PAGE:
The incidence of Frey syndrome varies according to the diligence with which the diagnosis is sought and the elapsed time after parotidectomy. If not asked about explicitly, the complaint is reported by approximately 10% of patients. If asked, approximately 30% to 40% of patients report gustatory sweating. If a Minor starch-iodine test is performed, approximately 95% of all patients who underwent parotidectomy will show evidence of Frey syndrome. The syndrome may cause considerable social embarrassment and incapacity because of profuse flushing and sweating during eating. However, only a few patients with Frey syndrome find it embarrassing and seek treatment.4,5

Intracutaneous injections of botulinum toxin type A have produced favorable results in patients with Frey syndrome.615 This neurotoxin enters the cytoplasm of peripheral nerve cells by receptor-mediated endocytosis. On the cytoplasmic side of the cell membrane, the toxin breaks down the synaptosome-associated protein SNAP-25, which is essential for exocytosis of acetylcholine vesicles. In this way, neurotransmission is blocked until reinnervation occurs by collateral growth of fibers or new SNAP-25 is produced by the cell.16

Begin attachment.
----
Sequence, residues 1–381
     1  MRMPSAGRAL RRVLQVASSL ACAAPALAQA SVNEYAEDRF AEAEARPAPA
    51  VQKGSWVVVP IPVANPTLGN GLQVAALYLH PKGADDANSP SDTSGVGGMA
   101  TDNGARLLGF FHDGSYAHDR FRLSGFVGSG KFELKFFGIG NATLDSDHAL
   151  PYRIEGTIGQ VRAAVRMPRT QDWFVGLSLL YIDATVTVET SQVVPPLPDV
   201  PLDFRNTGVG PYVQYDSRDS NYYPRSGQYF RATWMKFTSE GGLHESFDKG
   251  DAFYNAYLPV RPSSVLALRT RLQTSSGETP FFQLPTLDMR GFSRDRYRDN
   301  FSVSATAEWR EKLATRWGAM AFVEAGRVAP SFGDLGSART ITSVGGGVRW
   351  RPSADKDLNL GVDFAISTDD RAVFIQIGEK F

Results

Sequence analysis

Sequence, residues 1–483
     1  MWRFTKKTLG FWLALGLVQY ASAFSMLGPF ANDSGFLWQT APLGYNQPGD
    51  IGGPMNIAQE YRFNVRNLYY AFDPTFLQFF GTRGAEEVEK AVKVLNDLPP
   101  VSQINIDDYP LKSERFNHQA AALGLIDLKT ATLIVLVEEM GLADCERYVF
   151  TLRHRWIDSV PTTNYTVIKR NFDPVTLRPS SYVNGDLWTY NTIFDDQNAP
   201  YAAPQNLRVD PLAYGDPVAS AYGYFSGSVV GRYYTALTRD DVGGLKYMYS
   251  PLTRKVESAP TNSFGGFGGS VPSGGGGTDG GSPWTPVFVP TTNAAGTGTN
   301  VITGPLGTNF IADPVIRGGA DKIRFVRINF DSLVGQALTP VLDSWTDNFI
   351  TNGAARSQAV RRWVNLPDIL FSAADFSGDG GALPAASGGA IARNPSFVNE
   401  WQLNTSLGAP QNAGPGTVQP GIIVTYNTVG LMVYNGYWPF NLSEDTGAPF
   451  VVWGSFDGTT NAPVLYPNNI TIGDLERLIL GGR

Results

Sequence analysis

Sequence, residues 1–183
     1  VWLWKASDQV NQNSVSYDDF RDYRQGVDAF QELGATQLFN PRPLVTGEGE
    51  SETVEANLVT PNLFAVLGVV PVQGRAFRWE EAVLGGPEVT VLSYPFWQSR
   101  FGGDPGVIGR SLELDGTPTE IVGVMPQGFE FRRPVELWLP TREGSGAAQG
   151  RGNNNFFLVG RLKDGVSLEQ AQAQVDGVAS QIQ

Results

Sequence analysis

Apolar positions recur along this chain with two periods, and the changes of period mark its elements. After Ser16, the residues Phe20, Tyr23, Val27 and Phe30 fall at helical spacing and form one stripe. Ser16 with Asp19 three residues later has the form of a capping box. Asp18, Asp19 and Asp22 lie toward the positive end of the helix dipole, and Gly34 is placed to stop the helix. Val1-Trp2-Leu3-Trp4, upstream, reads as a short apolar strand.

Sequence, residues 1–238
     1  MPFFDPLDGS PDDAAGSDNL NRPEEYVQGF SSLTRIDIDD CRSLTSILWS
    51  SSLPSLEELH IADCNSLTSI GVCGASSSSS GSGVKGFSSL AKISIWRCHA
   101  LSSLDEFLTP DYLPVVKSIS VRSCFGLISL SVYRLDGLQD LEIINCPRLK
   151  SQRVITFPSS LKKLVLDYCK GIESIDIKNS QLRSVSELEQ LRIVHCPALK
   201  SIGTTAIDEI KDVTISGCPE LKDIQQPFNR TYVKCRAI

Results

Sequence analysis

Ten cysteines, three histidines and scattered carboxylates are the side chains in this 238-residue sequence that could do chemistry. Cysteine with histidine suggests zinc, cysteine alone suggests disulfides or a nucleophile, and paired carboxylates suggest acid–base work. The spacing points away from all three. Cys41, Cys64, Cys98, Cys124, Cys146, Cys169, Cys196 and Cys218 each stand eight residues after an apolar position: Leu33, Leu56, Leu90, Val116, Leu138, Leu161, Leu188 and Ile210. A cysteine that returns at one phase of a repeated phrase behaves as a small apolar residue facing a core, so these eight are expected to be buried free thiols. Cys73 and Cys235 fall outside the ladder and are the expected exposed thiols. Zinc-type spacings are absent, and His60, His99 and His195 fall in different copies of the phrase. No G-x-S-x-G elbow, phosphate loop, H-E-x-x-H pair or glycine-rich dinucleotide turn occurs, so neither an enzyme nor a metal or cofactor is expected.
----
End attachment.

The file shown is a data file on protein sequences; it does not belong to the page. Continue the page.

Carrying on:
Dulguerov et al10 found a significant reduction in the size of the affected area and in gustatory sweating after botulinum injections. The effect on temperature and erythema was more difficult to determine. In the first reports on botulinum therapy to treat Frey syndrome, responses in almost all cases and very low recurrence rates were reported.68 However, in these studies, the follow-up time was probably too short for reinnervation by collateral growth. In studies with longer follow-up, the effectiveness of the botulinum treatment was temporary, and recurrence rates were higher.9,10,14 However, because the severity of recurrent Frey syndrome is reduced when compared with the initial severity and because recurrent Frey syndrome remains amenable to reinjection of botulinum toxin type A, intracutaneous injection is the first-line treatment option.11,14

In a previous study,14 the initial results from intracutaneous injection of botulinum toxin type A were reported. In the present prospective study, the results of repeated treatments in patients with Frey syndrome are presented, with emphasis on symptom severity, the size of the affected area, and the interval between treatments.